FIG. 3 shows a diagrammatic view explaining the compatibility of absorption of long-wavelength lights with high voltage, which is achieved by the use of the photoelectric conversion element or dye-sensitized solar battery of the present invention;

FIG. 4 shows a diagrammatic view explaining an example of the structure of a multinuclear complex used in the present invention;

FIG. 5 shows a diagrammatic view explaining the concepts of the energy levels and electron orbitals with respect to the components of the multinuclear complex shown in FIG. 4;

FIG. 6 shows a diagrammatic view explaining an example of the structure of a heterocycle having a conjugated double bond, wherein the heterocycle is contained in a multinuclear complex used in the present invention;

FIGS. 7( a), 7(b) and 7(c) show representative examples of bridging ligands contained in multinuclear complexes used in the present invention;

FIGS. 8( a) and 8(b) show other examples of bridging ligands contained in multinuclear complexes used in the present invention;

FIG. 9 shows an example of the structure of a dye-sensitized solar battery of the present invention;

FIG. 10 shows the results of the measurement by matrix-assisted desorption ionization/time-of-flight mass spectrometry (MALDI-TOF-MS) performed with respect to the complex dye produced in Example 1;

FIG. 11 shows the representative structure of the composite dye produced in Example 1;

FIG. 12 shows the results of the measurement by matrix-assisted desorption ionization/time-of-flight mass spectrometry (MALDI-TOF-MS) performed with respect to the complex dye precursor produced in Example 2;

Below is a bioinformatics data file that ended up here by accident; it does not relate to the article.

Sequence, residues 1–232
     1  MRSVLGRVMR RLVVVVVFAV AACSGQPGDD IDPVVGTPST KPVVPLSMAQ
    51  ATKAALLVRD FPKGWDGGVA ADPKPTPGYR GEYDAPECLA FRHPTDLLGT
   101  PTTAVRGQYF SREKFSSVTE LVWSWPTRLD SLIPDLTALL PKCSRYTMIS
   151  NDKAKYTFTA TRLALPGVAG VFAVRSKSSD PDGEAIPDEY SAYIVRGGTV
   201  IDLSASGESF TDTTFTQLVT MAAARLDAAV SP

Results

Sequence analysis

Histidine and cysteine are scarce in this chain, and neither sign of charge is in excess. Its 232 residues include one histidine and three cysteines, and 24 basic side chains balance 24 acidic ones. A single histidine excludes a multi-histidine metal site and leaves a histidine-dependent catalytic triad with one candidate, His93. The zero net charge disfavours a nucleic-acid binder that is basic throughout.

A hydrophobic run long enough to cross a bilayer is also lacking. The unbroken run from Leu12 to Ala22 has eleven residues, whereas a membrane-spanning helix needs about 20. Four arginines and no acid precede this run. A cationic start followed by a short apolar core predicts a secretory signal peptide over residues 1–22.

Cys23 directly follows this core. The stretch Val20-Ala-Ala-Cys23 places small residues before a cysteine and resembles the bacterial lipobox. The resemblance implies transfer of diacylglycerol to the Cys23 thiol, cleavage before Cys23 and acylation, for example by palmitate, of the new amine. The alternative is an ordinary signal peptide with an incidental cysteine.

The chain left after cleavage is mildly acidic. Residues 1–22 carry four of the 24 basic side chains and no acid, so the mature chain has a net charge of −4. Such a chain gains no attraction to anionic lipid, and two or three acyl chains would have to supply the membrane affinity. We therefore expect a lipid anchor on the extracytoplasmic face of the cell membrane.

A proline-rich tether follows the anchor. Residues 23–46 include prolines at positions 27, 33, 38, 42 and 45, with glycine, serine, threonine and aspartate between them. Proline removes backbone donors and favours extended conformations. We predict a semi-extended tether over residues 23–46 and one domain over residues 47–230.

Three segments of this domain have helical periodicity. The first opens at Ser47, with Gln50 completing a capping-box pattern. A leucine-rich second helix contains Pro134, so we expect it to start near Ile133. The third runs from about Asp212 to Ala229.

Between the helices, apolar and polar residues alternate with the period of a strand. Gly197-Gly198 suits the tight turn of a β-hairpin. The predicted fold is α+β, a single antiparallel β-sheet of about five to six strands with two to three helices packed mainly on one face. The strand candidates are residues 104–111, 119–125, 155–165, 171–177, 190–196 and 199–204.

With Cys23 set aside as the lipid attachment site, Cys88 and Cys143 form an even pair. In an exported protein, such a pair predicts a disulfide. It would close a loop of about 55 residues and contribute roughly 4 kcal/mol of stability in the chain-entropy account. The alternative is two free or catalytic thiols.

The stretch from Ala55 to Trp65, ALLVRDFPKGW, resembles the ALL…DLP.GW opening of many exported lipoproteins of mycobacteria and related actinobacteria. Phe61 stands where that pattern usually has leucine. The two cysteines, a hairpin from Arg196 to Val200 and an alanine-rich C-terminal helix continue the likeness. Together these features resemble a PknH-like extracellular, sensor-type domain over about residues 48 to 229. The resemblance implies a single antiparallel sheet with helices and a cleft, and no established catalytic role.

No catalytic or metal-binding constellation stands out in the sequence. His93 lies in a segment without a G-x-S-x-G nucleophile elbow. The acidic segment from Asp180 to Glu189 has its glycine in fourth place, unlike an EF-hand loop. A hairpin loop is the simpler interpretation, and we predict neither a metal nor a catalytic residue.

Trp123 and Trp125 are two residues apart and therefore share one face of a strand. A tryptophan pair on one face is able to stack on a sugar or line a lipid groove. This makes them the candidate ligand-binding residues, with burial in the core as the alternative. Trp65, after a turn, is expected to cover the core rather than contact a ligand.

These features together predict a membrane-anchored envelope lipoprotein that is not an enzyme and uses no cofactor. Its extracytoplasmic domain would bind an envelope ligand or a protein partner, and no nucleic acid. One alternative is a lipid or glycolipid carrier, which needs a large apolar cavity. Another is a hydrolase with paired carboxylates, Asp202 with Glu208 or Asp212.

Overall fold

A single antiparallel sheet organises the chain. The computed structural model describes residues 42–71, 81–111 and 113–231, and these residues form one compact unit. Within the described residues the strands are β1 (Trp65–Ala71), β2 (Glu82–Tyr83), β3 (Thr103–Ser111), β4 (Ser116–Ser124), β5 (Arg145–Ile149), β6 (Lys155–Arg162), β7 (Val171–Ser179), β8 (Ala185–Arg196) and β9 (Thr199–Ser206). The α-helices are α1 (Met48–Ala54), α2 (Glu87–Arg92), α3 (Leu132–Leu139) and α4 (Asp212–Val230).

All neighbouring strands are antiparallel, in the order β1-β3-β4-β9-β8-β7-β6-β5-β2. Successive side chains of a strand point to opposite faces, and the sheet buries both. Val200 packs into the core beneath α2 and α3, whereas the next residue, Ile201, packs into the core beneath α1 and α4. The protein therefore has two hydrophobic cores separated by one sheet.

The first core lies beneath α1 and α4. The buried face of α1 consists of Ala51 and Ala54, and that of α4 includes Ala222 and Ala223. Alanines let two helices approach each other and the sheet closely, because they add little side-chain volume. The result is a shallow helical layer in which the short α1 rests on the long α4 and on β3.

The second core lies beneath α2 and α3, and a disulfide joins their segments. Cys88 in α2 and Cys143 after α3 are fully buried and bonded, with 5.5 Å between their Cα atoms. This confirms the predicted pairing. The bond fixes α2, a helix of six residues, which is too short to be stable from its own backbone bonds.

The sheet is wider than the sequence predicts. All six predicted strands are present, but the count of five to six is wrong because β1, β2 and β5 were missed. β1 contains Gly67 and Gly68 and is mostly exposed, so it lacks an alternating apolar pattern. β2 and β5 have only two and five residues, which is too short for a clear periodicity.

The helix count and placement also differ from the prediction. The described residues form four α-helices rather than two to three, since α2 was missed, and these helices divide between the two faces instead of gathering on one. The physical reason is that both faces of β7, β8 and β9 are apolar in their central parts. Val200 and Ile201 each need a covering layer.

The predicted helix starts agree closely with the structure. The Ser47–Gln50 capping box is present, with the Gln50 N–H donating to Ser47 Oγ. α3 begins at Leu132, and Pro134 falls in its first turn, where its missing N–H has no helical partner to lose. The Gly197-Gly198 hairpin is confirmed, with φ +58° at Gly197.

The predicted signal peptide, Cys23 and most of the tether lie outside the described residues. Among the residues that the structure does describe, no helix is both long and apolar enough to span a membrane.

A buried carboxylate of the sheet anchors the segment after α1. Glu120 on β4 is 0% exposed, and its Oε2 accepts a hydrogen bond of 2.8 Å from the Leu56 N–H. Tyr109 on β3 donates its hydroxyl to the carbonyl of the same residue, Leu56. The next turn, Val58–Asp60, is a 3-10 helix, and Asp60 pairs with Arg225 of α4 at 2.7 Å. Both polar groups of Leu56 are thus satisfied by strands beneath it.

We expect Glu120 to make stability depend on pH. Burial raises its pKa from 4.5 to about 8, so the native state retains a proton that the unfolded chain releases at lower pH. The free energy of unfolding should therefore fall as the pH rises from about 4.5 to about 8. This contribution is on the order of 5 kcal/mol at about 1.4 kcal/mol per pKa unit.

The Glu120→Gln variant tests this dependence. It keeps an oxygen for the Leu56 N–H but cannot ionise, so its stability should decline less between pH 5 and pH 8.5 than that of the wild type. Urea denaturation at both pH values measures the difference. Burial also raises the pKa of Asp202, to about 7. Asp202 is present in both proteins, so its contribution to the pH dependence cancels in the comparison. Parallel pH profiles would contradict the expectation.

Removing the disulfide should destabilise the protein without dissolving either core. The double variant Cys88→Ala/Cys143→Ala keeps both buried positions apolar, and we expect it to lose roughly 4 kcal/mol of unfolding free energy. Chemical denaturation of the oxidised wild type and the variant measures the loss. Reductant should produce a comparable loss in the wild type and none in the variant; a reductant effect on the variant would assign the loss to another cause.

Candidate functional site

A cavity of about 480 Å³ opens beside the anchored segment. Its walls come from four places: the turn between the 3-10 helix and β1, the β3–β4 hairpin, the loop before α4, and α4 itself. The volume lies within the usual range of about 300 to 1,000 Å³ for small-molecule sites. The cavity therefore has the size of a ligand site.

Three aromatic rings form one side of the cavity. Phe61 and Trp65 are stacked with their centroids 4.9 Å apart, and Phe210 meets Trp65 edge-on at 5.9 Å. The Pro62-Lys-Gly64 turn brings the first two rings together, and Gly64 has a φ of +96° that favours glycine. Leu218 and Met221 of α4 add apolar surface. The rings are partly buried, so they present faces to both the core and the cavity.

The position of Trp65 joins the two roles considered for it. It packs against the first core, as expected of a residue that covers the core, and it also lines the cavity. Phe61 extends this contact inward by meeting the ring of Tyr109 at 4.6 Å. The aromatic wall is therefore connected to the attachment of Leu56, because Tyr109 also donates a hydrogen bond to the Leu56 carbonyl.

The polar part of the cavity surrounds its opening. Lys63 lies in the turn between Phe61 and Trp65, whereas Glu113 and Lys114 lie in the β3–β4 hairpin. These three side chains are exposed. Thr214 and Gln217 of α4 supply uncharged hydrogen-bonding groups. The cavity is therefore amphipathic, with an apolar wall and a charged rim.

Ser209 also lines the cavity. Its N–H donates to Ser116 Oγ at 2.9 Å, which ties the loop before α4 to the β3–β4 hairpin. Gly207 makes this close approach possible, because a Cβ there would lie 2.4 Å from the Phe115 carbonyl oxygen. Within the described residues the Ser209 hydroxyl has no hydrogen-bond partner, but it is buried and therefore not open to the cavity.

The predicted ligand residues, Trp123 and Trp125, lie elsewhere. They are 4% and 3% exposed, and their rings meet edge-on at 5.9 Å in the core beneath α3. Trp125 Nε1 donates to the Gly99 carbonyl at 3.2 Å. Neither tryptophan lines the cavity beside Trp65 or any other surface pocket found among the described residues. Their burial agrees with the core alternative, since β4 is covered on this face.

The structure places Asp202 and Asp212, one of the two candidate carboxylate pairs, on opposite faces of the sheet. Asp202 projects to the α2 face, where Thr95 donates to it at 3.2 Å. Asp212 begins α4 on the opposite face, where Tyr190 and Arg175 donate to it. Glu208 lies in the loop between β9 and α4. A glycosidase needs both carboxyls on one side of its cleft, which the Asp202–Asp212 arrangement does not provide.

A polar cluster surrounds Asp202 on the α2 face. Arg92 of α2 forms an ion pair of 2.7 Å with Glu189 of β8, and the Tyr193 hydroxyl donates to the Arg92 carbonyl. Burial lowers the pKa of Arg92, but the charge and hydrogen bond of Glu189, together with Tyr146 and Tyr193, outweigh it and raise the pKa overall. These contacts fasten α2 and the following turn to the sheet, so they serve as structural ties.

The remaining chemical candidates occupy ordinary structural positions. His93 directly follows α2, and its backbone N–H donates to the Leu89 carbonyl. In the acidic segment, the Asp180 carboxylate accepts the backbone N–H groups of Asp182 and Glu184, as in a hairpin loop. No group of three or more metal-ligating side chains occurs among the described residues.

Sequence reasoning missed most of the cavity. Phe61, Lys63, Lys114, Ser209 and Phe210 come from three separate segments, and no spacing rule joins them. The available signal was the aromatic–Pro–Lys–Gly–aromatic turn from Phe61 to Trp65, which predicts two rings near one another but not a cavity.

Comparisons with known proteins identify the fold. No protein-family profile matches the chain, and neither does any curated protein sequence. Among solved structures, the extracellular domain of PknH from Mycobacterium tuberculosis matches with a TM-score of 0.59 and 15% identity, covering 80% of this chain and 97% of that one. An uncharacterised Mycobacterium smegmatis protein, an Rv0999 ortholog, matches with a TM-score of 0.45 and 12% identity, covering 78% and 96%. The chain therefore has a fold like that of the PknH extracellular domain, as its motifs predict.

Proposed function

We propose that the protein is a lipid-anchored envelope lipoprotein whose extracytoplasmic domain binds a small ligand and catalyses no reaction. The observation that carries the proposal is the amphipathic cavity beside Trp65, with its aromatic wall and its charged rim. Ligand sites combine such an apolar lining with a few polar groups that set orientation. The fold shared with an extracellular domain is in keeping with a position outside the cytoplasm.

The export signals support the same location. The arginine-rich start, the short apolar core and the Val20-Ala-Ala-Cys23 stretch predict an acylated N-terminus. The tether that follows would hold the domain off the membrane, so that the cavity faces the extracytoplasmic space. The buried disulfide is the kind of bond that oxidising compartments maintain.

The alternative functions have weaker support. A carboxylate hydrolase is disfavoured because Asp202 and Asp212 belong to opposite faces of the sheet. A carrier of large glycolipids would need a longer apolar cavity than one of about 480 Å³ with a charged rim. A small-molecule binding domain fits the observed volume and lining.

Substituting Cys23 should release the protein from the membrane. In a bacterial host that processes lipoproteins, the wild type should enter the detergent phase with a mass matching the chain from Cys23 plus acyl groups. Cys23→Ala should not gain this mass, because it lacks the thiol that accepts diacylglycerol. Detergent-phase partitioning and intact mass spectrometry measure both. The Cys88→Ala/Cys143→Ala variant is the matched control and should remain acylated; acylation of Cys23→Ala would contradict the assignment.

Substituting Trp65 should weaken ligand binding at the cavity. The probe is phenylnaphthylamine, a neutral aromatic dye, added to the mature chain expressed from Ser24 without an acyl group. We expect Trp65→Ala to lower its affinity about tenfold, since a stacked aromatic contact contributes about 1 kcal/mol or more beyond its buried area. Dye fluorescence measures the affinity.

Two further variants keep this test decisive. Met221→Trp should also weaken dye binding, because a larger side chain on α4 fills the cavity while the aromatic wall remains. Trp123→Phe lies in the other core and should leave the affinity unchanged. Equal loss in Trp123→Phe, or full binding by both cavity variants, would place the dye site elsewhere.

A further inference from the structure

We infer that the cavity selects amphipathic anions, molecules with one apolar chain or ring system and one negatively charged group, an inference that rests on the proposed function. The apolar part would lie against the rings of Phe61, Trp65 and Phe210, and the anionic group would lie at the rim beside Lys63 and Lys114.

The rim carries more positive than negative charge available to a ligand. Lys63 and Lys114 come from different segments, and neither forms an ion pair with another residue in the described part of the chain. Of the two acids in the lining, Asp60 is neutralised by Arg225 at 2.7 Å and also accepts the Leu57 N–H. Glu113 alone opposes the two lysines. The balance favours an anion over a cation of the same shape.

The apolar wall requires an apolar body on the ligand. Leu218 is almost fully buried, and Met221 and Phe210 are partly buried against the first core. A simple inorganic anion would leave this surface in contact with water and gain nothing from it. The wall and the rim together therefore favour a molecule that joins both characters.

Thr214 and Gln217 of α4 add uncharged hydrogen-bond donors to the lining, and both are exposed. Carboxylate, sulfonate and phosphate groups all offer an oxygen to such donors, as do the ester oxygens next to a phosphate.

FIG. 13 shows the representative structure of the composite dye precursor produced in Example 2;

FIG. 14 shows the results of the measurement by matrix-assisted desorption ionization/time-of-flight mass spectrometry (MALDI-TOF-MS) performed with respect to the complex dye produced in Example 2;

FIG. 15 shows the representative structure of the composite dye produced in Example 2;

FIG. 16 shows the results of the measurement, performed in Example 7, of the change (with the change of the intensity of light ray) in the ratio of the electric current generated in a dye-sensitized solar battery containing a composite dye (wherein the electric current is generated by irradiating the solar battery with the light ray) to the electric current generated in a dye-sensitized solar battery containing a single dye (wherein the electric current is generated by irradiating the solar battery with the light ray);

FIG. 17 shows the results of the measurement, performed in Example 8, of the change (with the change of the intensity of light ray) in the ratio of the electric current generated in a dye-sensitized solar battery containing a composite dye (wherein the electric current is generated by irradiating the solar battery with the light ray) to the electric current generated in a dye-sensitized solar battery containing a single dye (wherein the electric current is generated by irradiating the solar battery with the light ray); and